Posts Tagged ‘Hurricane’


Reporting on Disasters

Expected path of Hurricane Irma as of Tuesday, September 6 (via @NOAA)

Hurricane Harvey last week devastated parts of the Gulf Coast of the United States. The storm and its aftermath also led to a discussion on social media about how to best report from areas in the middle of natural or man-made disasters.

As the United States faces another potentially deadly hurricane, it’s important to revisit the role of journalists during such complex and emergency situations.

One question often posed to the Society of Professional Journalists during and after disasters is whether the ethics of journalism are different in emergencies, for example. The answer is no. SPJ’s Code of Ethics is written broadly so it can be applied to all media and all situations. Journalists – especially during emergencies and breaking news – should keep its tenets in mind.

  • Seek Truth and Report It
  • Minimize Harm
  • Act Independently
  • Be Accountable and Transparent

Journalists must also expect and prepare for criticism while covering emergencies.

Journalism often looks opportunistic and vulture-like during disasters. Television and radio journalists are especially susceptible to being perceived as exploitive since the emotions of victims are much more apparent and palpable.

Journalists should be especially careful when selecting people to interview on-air during traumatic events. People should not be put in front of cameras or microphones during such events unless they want to tell their stories. Some people will want to speak about their experience as – almost – a form of therapy. Other people may not be ready to share, and that’s okay.

The SPJ Code of Ethics says journalists should be especially sensitive to people not used to dealing with the press. Pre-interviews or brief discussions off camera can go a long way to preparing people to tell their stories. If after those conversations a person is still unsure whether to share their experience, a journalist should feel empowered to decide not to move ahead with the interview for the sake of the source and the people watching or listening to the report.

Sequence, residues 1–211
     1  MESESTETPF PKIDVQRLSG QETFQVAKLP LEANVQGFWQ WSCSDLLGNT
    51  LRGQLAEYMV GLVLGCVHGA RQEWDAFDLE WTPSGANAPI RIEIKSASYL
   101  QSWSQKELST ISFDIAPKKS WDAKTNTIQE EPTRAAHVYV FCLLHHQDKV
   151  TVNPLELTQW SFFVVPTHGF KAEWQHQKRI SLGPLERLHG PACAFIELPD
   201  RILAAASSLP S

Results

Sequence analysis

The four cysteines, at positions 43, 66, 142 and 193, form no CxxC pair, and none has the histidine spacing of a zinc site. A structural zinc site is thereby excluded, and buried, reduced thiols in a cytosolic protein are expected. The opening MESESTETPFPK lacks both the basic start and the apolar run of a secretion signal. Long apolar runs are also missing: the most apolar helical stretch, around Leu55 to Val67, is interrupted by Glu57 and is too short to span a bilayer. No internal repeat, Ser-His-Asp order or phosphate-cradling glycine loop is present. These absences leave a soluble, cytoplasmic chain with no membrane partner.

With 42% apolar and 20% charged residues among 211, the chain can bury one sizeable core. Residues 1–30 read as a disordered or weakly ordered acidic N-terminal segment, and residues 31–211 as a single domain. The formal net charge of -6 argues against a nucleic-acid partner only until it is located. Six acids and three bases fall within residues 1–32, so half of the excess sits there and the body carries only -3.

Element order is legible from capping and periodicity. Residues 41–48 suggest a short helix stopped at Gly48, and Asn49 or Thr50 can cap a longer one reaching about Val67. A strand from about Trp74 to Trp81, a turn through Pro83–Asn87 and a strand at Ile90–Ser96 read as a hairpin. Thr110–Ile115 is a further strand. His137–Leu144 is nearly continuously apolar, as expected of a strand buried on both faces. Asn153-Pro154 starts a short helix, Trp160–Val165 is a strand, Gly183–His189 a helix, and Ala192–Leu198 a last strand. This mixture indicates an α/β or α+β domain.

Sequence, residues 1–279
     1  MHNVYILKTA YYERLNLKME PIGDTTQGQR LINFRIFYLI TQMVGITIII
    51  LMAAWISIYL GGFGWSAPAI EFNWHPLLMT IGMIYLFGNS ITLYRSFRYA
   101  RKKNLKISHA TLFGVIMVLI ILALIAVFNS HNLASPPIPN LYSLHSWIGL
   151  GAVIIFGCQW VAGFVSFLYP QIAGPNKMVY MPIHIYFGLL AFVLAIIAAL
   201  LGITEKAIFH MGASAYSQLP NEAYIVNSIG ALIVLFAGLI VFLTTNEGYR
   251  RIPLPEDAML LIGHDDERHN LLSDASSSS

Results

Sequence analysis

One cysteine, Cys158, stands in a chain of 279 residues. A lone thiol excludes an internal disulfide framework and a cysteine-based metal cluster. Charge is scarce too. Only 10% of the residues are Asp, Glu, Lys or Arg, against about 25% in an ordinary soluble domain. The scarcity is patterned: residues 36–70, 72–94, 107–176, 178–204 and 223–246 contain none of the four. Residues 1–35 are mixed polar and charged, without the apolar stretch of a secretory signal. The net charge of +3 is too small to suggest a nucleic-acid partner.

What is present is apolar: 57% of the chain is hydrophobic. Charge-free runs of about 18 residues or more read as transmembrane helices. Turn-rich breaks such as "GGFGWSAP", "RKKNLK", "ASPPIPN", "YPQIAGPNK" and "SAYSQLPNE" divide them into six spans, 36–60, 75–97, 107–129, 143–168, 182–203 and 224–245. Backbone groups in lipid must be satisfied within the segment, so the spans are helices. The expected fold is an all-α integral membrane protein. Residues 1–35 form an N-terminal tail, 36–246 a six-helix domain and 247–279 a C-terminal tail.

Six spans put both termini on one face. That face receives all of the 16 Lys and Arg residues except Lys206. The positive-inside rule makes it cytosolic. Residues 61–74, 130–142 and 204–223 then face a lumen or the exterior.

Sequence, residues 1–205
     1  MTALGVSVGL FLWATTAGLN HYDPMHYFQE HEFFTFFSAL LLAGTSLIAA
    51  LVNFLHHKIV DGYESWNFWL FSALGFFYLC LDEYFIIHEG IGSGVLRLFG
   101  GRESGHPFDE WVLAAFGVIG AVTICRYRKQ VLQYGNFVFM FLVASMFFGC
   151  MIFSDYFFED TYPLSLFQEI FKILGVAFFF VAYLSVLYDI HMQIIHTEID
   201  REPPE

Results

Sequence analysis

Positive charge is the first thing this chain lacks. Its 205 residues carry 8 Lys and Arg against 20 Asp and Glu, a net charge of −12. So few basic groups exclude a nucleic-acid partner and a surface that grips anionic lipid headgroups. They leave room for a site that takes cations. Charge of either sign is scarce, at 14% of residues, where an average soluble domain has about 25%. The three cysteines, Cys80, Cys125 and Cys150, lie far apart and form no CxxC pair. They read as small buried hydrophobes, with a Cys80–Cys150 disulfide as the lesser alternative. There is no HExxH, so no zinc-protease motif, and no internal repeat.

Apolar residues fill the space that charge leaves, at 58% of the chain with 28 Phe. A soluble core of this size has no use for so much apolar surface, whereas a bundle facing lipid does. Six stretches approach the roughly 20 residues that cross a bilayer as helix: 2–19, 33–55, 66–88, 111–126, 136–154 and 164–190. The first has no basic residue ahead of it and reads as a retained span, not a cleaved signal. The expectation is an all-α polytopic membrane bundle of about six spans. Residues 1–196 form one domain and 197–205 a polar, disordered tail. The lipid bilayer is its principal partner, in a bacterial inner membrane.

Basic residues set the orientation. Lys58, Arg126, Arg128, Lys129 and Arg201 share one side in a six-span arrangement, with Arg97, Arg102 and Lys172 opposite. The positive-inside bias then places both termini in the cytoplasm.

Even the best planning may not offer complete protection against offending a person, however. CNN’s Rosa Flores on-air interview with a mother during Hurricane Harvey took a turn for the worst despite taking precautions.

Journalists must also be especially mindful during emergencies about the comments or reports they publish on social media. A post on Twitter may lack important context due to length restrictions and result in misinterpretation. If cell service or internet access is compromised, journalists may be unable to clear up questions or concerns in a timely manner.

ABC NewsTom Llamas ignited a firestorm on social media during Hurricane Harvey when he published a post on Twitter saying his team informed police of nearby looting at a grocery store. He later clarified that they mentioned the looting while discussing the discovery of a body with the police.

Of course, journalists are human and will make mistakes while reporting these and any stories. They and their news organizations must work to quickly correct any incorrect information and clear up any confusion. More than ever, people cling to information on social media and it’s important to give them the most accurate picture of what’s happening on the ground.

What’s most important is that journalists not forget the service they provide during emergencies and disasters. People – near and far – want to know what’s happening. Journalists put their safety and health on the line by charging into these situations to bring that information back to people. Those images lead people to call charities or take to social media asking about ways to help. Those reports result in people calling their lawmakers and telling them to act.

Journalists serve a purpose in these situations.


Andrew M. Seaman is the chair of the Society of Professional Journalists‘ ethics committee.

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